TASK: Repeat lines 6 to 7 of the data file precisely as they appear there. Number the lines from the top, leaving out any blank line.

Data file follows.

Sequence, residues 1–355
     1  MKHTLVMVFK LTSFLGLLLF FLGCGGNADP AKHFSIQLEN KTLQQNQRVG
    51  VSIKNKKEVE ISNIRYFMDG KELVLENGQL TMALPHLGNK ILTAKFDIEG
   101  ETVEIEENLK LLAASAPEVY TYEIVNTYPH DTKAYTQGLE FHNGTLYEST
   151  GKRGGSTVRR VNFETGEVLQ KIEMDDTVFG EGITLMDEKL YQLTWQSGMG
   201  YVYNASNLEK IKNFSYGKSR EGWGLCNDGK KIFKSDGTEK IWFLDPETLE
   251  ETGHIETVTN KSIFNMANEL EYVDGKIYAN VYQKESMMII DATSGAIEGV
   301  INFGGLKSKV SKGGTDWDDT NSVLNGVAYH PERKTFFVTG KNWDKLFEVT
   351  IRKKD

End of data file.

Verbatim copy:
   201  YVYNASNLEK IKNFSYGKSR EGWGLCNDGK KIFKSDGTEK IWFLDPETLE
   251  ETGHIETVTN KSIFNMANEL EYVDGKIYAN VYQKESMMII DATSGAIEGV